e.g. if you've got a fixed GPU that you can talk to directly, then instead of calling graphics API functions at all, you can pre-compute the stream of packets of bytes that you would be sending to this hardware device and you can create a big buffer containing these bytes ahead of time, in a tool... then at runtime you can load that file of bytes, and start streaming them through to the GPU directly. It will behave as if you were calling all the right API functions, but with virtually zero CPU usage... That's only applicable if your rendering commands are static, so in one situation this might give a 100x saving, whereas in another situation it gives no savings.


Edited by Hodgman, 05 December 2013 - 05:17 PM.


#18 EarthBanana   Members   -  Reputation: 996

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Posted 05 December 2013 - 10:45 PM

e.g. if you've got a fixed GPU that you can talk to directly, then instead of calling graphics API functions at all, you can pre-compute the stream of packets of bytes that you would be sending to this hardware device and you can create a big buffer containing these bytes ahead of time, in a tool... then at runtime you can load that file of bytes, and start streaming them through to the GPU directly. It will behave as if you were calling all the right API functions, but with virtually zero CPU usage... That's only applicable if your rendering commands are static, so in one situation this might give a 100x saving, whereas in another situation it gives no savings.

 

honestly, I'm glad I don't ever work on projects where stuff like this is necessary. I watched this keynote with John Carmack talking about the texture strategy they used to get Rage to run well on the console - he talked a lot about how he hoped the graphics card companies would release driver sets for closer access to the hardware for pcs - basically saying that its so much easier to optimize code for the consoles because of the closeness the API has to the hardware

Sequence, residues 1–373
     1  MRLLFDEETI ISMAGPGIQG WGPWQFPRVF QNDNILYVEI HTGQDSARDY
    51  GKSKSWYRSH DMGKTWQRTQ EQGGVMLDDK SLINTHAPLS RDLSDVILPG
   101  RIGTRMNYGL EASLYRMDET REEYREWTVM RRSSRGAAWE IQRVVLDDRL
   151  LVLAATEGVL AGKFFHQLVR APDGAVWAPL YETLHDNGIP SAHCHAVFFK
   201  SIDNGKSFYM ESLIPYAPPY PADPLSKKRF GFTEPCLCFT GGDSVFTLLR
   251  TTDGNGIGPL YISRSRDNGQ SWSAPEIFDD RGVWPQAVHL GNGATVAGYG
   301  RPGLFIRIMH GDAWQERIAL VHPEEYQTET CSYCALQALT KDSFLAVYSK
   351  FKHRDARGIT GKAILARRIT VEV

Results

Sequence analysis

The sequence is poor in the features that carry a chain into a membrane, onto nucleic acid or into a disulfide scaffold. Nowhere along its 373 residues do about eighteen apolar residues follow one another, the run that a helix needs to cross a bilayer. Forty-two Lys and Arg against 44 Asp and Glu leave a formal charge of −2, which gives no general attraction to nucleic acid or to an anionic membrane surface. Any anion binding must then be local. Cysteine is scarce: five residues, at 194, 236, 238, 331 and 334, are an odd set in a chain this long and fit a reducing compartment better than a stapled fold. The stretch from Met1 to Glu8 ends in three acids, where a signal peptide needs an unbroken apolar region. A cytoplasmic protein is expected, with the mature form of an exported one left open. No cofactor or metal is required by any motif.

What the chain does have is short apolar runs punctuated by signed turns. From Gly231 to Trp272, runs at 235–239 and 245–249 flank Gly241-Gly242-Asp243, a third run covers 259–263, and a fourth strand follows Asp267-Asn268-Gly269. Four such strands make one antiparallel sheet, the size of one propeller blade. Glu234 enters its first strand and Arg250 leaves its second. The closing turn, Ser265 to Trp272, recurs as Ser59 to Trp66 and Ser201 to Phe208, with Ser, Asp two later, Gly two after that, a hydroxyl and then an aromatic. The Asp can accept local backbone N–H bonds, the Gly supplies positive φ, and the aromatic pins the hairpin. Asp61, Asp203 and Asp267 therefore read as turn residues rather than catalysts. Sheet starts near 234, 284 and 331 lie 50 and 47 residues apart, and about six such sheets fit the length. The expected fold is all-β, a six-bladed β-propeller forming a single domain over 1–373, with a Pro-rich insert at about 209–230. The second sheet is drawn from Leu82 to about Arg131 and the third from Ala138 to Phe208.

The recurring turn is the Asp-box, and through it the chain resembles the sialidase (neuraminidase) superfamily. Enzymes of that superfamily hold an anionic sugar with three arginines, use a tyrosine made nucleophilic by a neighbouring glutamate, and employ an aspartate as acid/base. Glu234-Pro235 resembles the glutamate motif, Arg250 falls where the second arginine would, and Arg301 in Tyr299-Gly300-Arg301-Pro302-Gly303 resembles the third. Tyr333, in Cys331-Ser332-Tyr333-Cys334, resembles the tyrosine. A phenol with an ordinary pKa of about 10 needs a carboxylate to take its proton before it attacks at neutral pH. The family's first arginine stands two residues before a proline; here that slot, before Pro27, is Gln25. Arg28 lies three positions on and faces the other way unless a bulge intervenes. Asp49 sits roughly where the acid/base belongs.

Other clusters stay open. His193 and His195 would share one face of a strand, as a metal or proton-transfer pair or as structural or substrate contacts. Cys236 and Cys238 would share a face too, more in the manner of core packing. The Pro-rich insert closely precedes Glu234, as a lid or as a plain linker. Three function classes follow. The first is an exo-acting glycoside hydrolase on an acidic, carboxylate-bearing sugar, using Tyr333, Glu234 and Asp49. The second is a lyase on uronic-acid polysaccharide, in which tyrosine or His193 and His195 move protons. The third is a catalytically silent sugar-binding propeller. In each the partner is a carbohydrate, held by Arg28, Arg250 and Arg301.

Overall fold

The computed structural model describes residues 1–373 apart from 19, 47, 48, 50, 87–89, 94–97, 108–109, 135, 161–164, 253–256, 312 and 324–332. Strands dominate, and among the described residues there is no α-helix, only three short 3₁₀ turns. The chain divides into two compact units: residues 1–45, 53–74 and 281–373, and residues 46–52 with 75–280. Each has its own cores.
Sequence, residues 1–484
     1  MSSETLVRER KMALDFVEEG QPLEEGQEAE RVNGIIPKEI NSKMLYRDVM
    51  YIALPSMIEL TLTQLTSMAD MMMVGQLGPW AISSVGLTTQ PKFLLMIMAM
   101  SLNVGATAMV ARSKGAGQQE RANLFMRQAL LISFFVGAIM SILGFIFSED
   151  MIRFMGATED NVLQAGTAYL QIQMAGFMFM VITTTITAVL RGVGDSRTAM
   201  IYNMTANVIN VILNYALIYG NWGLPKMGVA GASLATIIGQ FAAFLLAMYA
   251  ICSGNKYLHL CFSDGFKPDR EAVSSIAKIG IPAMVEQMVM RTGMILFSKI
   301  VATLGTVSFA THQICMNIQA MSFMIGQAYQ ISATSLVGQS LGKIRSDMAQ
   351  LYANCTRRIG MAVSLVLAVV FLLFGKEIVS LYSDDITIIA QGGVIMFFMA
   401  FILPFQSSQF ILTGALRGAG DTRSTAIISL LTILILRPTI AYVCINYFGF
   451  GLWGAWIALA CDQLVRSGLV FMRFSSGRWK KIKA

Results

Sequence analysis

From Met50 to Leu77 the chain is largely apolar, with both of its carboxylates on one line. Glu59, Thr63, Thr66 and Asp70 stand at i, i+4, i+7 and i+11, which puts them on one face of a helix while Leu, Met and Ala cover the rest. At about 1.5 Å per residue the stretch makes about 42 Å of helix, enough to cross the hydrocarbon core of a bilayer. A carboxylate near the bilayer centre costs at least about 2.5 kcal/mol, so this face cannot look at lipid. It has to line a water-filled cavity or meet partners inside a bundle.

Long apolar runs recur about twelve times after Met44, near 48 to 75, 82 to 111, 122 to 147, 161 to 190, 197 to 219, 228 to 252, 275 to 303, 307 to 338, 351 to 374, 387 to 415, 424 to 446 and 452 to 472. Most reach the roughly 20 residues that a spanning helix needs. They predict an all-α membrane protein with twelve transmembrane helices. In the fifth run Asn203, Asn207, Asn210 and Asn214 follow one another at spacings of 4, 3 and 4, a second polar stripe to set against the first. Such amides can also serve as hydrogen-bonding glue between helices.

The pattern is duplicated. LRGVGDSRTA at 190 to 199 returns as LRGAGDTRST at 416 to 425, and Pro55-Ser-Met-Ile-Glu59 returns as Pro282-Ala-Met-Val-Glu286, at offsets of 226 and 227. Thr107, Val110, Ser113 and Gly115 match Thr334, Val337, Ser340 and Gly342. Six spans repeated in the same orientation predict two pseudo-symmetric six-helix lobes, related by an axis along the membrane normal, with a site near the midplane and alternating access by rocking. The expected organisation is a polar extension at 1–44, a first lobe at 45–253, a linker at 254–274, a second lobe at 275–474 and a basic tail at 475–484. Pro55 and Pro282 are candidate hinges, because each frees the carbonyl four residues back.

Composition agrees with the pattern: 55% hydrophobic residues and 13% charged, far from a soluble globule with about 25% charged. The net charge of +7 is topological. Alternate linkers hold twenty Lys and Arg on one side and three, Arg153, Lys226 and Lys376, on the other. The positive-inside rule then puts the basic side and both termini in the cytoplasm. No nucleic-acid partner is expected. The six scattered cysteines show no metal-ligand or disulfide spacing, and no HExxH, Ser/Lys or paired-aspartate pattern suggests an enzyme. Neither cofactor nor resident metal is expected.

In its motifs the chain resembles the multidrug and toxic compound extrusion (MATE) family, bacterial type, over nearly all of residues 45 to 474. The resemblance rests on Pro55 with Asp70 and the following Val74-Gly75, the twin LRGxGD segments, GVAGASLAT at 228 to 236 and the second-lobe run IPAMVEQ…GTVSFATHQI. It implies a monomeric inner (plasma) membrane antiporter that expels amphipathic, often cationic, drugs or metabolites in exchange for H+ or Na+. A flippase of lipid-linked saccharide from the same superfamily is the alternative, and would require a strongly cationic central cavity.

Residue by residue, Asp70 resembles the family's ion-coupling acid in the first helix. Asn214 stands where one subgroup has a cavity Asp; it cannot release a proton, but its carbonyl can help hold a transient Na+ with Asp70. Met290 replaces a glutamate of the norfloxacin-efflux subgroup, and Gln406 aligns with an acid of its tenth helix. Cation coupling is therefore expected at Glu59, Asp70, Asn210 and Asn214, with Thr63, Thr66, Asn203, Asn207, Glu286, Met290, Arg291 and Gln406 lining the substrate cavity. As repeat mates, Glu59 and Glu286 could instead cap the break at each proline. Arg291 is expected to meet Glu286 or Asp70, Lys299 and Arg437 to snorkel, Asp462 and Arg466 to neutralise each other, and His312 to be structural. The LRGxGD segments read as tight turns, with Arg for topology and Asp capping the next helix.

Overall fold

I personally do not enjoy this type of programming at all though - its interesting to read about but I hate the idea of writing code to correctly swap memory in and out of here and make sure the data is being sent as fast as possible there.. gosh how much of a headache that sounds like



#19 mhagain   Crossbones+   -  Reputation: 8285

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Posted 06 December 2013 - 02:00 AM

So, if I got it right... libGCM is the lowest level used on PS3... PSGL was derivated from OpenGL ES and call the LibGCM 'methods/functions/calls' to deal with PS3 hardware...

 

Almost, but not quite.  GCM is the lowest level, but it's also available for direct use.  So as a developer you don't have to use PSGL, you can use GCM itself and completely bypass the GL layer.

 

The "OpenGL Everywhere" people can frequently be seen claiming that using OpenGL allows you to target the PS3, but that's not actually true as nobody who wants performance will actually use PSGL - it's just too slow.  Instead, developers will use GCM itself.